On virtually every team, some members got almost a "free ride" . . . they didn't contribute much at all, but if their team did a good job, they nevertheless benefited from the recognition the team got. And what about group members who worked especially well and who provided a lot of insight on problems and issues? Well . . . the recognition for a job well done went to the group as a whole, no names were named. So it won't surprise you to learn that when the real contributors were asked how they felt about the group process, their attitude was just the opposite of what the reading predicts.
Another finding was that some projects just didn't move very quickly. Why? Because it took so long to reach consensus; it took many, many meetings to build the agreement among group members about how they would move the project along. On the other hand, there were other instances where one or two people managed to become very influential over what their group did. Sometimes when those influencers said "That will never work" about an idea the group was developing, the idea was quickly dropped instead of being further discussed. And then there was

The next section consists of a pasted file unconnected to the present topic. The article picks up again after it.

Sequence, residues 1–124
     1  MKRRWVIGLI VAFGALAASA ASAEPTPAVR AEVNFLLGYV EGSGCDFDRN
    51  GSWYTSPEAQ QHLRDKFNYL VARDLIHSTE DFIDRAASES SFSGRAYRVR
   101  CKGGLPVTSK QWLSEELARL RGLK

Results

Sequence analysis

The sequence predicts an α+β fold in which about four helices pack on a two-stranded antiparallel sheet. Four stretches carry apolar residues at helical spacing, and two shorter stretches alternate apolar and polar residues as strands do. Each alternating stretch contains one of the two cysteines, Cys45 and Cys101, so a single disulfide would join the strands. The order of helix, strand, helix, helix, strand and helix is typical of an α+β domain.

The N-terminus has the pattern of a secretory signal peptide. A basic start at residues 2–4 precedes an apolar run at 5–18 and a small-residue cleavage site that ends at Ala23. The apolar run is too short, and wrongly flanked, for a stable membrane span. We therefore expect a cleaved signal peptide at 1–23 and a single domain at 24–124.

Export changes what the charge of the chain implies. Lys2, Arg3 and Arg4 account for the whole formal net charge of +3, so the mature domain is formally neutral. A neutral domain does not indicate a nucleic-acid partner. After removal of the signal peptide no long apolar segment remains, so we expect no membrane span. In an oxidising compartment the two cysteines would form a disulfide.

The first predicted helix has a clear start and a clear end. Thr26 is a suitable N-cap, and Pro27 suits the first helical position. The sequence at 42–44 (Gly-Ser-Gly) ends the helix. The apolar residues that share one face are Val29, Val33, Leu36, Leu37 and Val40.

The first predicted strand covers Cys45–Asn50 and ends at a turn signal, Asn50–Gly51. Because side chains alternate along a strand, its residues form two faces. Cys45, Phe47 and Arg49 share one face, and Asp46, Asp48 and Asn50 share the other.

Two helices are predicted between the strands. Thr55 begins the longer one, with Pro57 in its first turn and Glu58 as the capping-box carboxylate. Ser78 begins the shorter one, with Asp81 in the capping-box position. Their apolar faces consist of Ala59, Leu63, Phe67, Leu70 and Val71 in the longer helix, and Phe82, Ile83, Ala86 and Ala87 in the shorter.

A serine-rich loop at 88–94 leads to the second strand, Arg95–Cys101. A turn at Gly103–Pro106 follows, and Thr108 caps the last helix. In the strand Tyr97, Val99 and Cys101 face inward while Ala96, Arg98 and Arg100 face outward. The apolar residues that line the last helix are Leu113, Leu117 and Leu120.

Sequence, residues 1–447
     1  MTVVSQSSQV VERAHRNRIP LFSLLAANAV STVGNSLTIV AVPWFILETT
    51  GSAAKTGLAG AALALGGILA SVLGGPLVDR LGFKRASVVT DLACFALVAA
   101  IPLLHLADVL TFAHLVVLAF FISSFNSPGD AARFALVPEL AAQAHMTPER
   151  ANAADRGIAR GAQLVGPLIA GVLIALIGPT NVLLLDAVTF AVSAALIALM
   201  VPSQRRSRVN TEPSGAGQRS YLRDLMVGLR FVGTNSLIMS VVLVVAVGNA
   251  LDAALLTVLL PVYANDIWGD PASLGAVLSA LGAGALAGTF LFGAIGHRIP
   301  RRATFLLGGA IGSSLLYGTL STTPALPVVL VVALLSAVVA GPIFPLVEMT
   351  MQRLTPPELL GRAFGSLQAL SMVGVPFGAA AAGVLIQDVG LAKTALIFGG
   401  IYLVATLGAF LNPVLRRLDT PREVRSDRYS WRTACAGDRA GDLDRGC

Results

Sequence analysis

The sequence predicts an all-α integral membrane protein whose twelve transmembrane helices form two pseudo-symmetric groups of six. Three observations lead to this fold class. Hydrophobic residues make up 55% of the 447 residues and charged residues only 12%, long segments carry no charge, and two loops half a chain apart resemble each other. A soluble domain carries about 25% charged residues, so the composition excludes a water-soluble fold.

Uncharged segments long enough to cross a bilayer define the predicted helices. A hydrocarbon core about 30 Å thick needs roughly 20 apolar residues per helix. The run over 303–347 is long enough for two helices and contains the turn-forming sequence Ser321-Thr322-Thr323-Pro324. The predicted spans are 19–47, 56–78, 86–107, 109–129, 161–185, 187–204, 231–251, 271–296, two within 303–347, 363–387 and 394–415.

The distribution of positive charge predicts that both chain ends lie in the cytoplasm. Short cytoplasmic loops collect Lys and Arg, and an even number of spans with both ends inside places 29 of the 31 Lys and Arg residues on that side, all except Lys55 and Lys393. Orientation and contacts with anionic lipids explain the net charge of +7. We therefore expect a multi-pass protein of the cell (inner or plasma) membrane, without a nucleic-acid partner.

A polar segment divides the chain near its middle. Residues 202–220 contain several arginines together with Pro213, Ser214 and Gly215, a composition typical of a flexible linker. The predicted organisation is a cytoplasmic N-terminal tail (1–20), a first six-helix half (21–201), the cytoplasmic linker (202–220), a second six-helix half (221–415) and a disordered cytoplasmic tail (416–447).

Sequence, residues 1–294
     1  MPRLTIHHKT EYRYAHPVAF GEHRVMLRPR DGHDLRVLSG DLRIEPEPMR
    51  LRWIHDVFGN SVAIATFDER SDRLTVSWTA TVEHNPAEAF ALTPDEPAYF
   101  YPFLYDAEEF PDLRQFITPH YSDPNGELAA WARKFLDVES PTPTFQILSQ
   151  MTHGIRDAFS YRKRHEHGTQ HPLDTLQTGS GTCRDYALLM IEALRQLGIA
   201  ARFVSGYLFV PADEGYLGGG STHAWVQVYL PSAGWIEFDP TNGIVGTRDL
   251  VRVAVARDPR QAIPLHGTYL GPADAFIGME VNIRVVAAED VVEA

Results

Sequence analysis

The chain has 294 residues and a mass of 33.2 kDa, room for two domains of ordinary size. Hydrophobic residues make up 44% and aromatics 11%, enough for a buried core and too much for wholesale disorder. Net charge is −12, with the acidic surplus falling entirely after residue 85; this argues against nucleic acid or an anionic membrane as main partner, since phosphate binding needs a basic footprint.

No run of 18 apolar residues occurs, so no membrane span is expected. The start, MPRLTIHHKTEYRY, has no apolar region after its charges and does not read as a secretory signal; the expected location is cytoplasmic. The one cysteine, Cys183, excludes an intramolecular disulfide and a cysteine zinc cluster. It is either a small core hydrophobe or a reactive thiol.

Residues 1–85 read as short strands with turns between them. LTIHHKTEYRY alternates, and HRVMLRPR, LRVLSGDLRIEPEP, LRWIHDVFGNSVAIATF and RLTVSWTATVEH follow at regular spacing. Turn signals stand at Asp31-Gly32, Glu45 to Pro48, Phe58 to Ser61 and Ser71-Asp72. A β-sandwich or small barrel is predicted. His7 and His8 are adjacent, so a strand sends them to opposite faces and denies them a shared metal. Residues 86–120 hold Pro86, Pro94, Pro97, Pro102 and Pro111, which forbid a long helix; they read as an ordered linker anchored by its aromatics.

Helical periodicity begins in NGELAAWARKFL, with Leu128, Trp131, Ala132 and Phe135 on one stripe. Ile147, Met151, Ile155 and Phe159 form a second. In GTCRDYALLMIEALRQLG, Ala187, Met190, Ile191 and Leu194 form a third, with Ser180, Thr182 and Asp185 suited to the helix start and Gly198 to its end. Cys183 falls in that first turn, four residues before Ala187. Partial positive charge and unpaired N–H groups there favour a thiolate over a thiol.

another occasion when a couple influencers convinced the group that a plan of theirs was "highly creative." And even though some members tried to warn the rest of the group that the project was moving in directions that might not work, they were basically ignored by other group members. Can you guess the ending to this story? When the project failed, the blame was placed on all the members of the group.
Rembrandt is the most famous of the seventeenth-century Dutch painters. However, there are doubts whether some paintings attributed to Rembrandt were actually painted by him. One such painting is known as attributed to Rembrandt because of its style, and indeed the representation of the woman’s face is very much like that of portraits known to be by Rembrandt. But there are problems with the painting that suggest it could not be a work by Rembrandt.